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Given a function x in clojure how can I programatically get a count of the number of arguments?

eg:

(fn a [b c] ...) has has two arguments
(fn a [] ...) has has zero arguments
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Give a look here maybe: clojure.github.io/clojure/clojure.reflect-api.html –  BlackBear Jun 19 '13 at 18:00
    
Why do you want to do this? –  mange Jun 20 '13 at 1:46
    
As I want to call a method which someones has 0 and sometimes has 1 argument –  Zubair Jun 20 '13 at 7:27
    
My use case for this is 'biting off' (consuming) items from a sequence using functions with different numbers of arguments. (The sequence provides values that must not get used twice.) –  0dB Dec 30 '13 at 7:39

2 Answers 2

up vote 9 down vote accepted

If you have access to the var that holds the function you can get the argument count by accessing its metadata in the following way:

(defn arities [v]
  (->> v meta :arglists (map count)))

(defn a [])
(defn b [_ _])

(map arities [#'a #'b])
;= ((0) (2))

arities will return a seq with all the arities for the function. This has the disadvantage that for a variadic argument vector ([_ _ & _]) it will return (4).

(defn c [_ _ & _])
(arities #'c)
;= (4)

This could be fixed by removing the & symbol from all the argument lists.

(defn arities [v]
  (->> v 
    meta 
    :arglists 
    (map #(remove #{'&} %))
    (map count)))

(arities #'c)
;= (3)

If you don't have access to the var, the following is a little function that I've used to detect the argument count of a function. It uses reflection so it's not the approach you might want to take if you need good performance. Also take into account that it relies on implementation details.

(defn n-args [f]
  (-> f class .getDeclaredMethods first .getParameterTypes alength))

(defn a [])
(defn b [_ _])
(defn c [_ _ & _])

(map n-args [a b c])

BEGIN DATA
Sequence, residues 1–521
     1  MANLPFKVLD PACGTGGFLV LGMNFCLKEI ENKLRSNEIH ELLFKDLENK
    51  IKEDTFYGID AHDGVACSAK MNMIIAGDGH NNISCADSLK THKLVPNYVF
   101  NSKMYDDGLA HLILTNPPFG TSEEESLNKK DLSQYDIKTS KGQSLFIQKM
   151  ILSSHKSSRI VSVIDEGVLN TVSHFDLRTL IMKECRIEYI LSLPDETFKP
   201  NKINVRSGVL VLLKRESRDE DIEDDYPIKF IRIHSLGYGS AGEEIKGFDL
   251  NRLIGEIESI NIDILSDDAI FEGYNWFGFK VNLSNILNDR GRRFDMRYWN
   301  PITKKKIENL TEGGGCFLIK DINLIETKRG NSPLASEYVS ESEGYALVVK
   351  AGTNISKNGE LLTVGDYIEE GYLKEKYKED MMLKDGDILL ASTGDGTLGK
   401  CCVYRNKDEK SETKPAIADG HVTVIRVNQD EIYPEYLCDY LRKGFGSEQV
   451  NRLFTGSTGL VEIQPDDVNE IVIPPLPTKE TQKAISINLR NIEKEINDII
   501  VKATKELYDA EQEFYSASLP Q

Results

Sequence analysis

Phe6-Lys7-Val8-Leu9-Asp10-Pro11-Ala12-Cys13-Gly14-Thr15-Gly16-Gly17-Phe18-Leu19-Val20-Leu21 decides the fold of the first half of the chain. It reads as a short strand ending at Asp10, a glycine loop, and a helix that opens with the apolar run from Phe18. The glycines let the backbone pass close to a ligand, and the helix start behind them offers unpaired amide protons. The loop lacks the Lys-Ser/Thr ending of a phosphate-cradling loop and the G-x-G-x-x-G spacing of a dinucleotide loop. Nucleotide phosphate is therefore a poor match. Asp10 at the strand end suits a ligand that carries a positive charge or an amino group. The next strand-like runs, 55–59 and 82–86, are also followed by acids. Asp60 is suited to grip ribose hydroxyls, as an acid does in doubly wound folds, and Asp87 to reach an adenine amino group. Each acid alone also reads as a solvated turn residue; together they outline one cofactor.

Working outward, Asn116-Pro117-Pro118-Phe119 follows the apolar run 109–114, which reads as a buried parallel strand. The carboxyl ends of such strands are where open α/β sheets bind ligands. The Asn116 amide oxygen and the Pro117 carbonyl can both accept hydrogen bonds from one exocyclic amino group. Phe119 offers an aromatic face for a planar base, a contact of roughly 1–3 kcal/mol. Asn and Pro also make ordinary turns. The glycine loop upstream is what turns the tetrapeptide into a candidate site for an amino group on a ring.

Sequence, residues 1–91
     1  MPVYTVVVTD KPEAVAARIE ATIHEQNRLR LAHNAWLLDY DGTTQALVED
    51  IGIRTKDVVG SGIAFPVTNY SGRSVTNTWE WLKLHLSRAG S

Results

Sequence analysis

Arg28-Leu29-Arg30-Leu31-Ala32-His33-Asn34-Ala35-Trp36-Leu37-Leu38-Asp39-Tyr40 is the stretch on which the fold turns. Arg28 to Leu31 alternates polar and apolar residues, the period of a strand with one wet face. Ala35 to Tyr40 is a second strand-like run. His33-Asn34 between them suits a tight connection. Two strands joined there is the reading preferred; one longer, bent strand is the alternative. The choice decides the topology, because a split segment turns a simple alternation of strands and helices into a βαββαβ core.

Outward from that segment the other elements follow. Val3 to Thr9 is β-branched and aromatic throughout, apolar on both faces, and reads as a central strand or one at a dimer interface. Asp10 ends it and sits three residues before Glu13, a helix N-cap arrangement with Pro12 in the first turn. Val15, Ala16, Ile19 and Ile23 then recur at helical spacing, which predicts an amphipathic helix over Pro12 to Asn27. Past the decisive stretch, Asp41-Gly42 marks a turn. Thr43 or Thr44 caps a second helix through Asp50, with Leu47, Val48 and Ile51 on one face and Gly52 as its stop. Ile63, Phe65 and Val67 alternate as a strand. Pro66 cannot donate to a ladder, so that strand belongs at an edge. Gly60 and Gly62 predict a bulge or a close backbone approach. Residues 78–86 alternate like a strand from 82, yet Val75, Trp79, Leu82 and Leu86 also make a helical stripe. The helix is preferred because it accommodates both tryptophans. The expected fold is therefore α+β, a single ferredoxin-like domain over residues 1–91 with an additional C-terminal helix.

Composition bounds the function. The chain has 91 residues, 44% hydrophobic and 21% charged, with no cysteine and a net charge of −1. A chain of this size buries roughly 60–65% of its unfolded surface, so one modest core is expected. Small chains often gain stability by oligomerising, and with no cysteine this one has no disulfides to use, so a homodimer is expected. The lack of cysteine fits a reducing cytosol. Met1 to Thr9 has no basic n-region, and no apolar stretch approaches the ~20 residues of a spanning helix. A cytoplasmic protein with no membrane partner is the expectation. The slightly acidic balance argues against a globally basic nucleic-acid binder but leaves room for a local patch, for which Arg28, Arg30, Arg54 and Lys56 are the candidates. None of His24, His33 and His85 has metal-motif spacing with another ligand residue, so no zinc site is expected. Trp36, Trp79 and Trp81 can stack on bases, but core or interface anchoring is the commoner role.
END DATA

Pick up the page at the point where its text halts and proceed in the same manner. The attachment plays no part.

;= (0 2 3)

EDIT

After giving the answer another read, I realized the result 3 for a variadic function defined as (defn x [_ _ & _] ,,,), is actually quite misleading since it's the same result you would get for a function with 3 arguments. The following version will return :variadic, instead of a specific number, for the argument vectors that contain the & symbol (except for the case [&] where & it's the actual argument name). As mentioned in a comment by Jeremy Heiler getting the argument count from the metadata only works if the value for :arglists is not manually changed.

(defn a [_])
(defn b [_ _])
(defn c [_ _ & _])
(defn d [_ _ _])
(defn e [&])

(defn variadic? [s]
  (and (some #{'&} s)
       (not (every? #{'&} s))))

(defn arities [v]
  (->> v
    meta
    :arglists
    (map #(if (variadic? %) :variadic %))
    (map #(if (sequential? %) (count %) %))))

(map arities [#'a #'b #'c #'d #'e])
;= ((1) (2) (:variadic) (3) (:variadic))

The reflection version for this is a little more complicated and it relies on more implementation details (i.e. "Is this or that function declared?" or "Does the function extend the class X?"), so I wouldn't recommend using that approach.

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1  
I'm still working through this. I didn't realise it was so complex... i would have thought that such a dynamic language had easy access to the argument list –  Zubair Jun 19 '13 at 21:36
2  
It's worth noting that :argslist can be manually overridden: (defn baz {:arglists '([boom])} [a b]) will result in (:arglists (meta #'baz)) ;=> ([boom]) –  Jeremy Heiler Jun 19 '13 at 21:44
    
I mention this not just because it could happen, but that it does happen. You'll see it a lot in clojure.core in functions that are defined before defn. Also, it is used to clarify the structure of variable arguments. (For example, optional arguments for defn.) –  Jeremy Heiler Jun 20 '13 at 15:07
1  
Another caveat: Say (arities #'f1) yields (2). Now create a new var to the same function using (def f2 f1). But (arities #'f2) evals to () and not (2) anymore. –  0dB Dec 30 '13 at 7:26

You could construct a function taking all arguments, putting them in a list and returning the count like so:

(defn arg-count [& rest] (count rest))
(arg-count) ;; 0
(arg-count 1 2 3) ;; 3
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I think OP wants to be able to discover the arity of any arbitrary function. –  Alex Jun 19 '13 at 20:55
    
This only works for variable length arguments, but nice try –  Zubair Jun 19 '13 at 21:35

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